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10 Years After BP's Deepwater Horizon Oil Spill, Threat of Disaster Remains

Oceans
10 Years After BP's Deepwater Horizon Oil Spill, Threat of Disaster Remains
A boat works to collect oil that has leaked from the Deepwater Horizon wellhead in the Gulf of Mexico on April 28, 2010 near New Orleans, Louisiana. Chris Graythen / Getty Images

By Andrea Germanos

Nearly 10 years after the BP Deepwater Horizon oil catastrophe began in the Gulf of Mexico, a leading ocean conservation group warned Tuesday that the threat of another similar disaster looms large and that the fossil fuel industry and U.S. government have learned practically nothing from the world's worst ever such disaster.


Oceana's new publication—titled "Hindsight 2020: Lessons We Cannot Ignore from the BP Disaster"—provides a broad look at what led up to the "preventable tragedy," the ongoing ecological and economic consequences of the disaster, and how the spill failed to act as a wake-up call on the inherent dangers of offshore drilling.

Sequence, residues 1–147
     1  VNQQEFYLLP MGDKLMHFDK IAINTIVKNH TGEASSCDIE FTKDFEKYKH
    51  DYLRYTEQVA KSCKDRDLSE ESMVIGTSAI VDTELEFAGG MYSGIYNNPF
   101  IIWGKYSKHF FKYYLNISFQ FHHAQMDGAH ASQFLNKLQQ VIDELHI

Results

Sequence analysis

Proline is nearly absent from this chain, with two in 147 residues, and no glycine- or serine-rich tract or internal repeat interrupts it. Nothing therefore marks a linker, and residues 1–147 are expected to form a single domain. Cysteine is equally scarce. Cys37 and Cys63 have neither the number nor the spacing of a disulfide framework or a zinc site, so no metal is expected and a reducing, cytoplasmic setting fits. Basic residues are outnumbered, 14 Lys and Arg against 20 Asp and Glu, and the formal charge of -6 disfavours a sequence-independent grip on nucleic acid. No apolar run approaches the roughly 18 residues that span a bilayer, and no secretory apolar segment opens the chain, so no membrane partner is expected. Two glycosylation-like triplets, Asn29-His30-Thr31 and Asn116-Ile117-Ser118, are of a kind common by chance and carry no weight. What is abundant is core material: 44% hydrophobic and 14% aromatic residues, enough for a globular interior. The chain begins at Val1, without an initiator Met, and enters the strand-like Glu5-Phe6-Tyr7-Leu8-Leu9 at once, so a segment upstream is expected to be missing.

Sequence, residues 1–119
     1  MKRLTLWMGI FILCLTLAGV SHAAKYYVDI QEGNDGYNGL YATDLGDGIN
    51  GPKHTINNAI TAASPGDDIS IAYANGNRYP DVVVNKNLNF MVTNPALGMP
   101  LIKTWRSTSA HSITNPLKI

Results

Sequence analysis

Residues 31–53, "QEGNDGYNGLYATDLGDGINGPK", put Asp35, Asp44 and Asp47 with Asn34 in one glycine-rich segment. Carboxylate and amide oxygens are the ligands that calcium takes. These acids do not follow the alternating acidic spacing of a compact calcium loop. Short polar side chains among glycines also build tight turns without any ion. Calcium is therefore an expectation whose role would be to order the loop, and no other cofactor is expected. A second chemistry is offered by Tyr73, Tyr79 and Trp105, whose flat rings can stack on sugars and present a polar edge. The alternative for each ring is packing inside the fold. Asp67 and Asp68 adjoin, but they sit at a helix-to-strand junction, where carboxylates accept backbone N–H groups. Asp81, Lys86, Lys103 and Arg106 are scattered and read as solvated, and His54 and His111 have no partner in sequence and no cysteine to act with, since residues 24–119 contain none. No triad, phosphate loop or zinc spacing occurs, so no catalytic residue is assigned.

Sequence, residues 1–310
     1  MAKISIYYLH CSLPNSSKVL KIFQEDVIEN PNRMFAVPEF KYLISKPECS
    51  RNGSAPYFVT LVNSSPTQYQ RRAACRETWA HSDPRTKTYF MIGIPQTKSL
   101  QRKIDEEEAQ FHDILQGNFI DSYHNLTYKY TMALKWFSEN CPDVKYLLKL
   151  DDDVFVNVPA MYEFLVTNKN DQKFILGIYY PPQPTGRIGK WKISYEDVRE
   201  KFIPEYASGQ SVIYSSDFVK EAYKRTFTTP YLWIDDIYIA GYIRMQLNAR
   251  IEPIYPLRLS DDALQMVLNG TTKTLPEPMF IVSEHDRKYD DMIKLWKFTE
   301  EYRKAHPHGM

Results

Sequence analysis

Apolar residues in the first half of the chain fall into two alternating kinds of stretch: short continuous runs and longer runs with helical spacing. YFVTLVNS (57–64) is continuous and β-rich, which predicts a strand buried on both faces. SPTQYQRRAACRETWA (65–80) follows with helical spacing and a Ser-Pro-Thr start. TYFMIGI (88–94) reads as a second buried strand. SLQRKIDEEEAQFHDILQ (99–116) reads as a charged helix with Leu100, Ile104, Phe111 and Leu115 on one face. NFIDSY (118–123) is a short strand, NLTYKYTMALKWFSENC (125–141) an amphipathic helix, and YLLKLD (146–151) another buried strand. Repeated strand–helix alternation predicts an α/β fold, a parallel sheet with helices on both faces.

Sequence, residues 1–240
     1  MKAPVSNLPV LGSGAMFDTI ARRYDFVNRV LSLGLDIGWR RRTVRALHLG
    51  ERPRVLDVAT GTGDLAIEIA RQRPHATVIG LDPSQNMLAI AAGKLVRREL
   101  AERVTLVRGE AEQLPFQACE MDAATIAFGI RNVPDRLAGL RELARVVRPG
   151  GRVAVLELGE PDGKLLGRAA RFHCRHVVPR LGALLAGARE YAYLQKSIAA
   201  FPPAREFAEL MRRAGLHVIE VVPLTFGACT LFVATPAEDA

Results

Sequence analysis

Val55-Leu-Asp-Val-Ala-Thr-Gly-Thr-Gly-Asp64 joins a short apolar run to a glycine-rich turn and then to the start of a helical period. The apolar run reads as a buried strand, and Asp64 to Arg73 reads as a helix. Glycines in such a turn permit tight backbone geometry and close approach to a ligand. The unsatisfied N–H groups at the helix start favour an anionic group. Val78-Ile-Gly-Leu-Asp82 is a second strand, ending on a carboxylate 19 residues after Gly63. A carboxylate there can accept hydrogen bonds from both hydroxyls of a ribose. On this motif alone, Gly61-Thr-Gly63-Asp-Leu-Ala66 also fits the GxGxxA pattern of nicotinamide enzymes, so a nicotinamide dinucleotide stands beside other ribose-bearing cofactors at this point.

"Offshore drilling is still as dirty and dangerous as it was 10 years ago," said Diane Hoskins, Oceana campaign director. "If anything, another disaster is more likely today as the oil industry drills deeper and farther offshore. Instead of learning lessons from the BP disaster, President Trump is proposing to radically expand offshore drilling, while dismantling the few protections put in place as a result of the catastrophic blowout."

By pulling together information from a number of sources—including government documents, scientific studies, and interviews with Gulf Coast residents and policy experts—the report conveys a chilling reality: It's not a question of another offshore oil spill happening, but simply when.

"What we found was disturbing," says the report.

While the date of the disaster—April 20, 2010—is well in the rear view mirror, the consequences are not.

"Nobody was ready for this scale of pollution," Nova Southeastern University Professor Tracey Sutton told Oceana. "As far as we know, the actual impact of the spill is not over yet."

Among the impacts that are known are that as many as 800,000 birds died in the midst of and following the disaster. The oil gushing from the ocean floor also devastated bottlenose dolphins—over 75% of all dolphin pregnancies failed in the oiled area. The spill also ravaged frontline communities.